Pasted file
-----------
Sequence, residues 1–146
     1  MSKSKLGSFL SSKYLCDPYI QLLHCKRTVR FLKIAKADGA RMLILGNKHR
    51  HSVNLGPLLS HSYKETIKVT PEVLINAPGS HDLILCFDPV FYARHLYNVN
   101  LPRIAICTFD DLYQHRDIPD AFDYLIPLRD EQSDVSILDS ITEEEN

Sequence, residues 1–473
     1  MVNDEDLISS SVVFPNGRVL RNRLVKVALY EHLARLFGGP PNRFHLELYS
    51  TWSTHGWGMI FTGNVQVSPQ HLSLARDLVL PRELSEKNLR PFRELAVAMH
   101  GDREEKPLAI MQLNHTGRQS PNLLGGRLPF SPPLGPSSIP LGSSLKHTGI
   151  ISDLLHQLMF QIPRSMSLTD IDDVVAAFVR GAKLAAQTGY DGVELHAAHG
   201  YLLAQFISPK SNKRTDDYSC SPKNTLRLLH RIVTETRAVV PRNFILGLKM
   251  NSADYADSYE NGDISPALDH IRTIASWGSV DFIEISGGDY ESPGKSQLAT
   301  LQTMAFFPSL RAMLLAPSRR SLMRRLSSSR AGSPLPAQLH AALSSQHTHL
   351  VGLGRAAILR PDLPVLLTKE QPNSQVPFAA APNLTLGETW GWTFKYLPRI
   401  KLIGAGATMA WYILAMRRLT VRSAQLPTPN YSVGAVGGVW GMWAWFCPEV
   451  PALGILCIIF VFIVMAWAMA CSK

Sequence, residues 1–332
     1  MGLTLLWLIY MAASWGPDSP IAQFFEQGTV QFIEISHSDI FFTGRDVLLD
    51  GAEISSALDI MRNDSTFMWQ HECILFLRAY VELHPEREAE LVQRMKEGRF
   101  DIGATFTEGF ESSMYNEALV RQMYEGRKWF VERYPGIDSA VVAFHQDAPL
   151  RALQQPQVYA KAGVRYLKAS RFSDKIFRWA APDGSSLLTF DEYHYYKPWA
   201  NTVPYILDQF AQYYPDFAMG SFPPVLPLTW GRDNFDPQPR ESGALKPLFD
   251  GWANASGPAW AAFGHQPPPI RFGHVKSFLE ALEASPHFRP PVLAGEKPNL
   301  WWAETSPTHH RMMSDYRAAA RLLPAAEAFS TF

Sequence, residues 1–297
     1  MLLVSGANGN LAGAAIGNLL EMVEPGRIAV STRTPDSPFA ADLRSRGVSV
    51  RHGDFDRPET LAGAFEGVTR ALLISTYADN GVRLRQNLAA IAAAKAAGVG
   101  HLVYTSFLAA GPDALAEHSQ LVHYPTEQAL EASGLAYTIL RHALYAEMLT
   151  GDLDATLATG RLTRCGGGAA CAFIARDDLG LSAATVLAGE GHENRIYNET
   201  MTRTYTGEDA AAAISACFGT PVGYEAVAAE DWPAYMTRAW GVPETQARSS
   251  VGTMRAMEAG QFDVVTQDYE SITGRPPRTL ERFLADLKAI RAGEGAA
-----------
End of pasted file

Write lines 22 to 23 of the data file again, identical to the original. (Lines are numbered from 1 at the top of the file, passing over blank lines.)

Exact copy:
   251  GWANASGPAW AAFGHQPPPI RFGHVKSFLE ALEASPHFRP PVLAGEKPNL
   301  WWAETSPTHH RMMSDYRAAA RLLPAAEAFS TF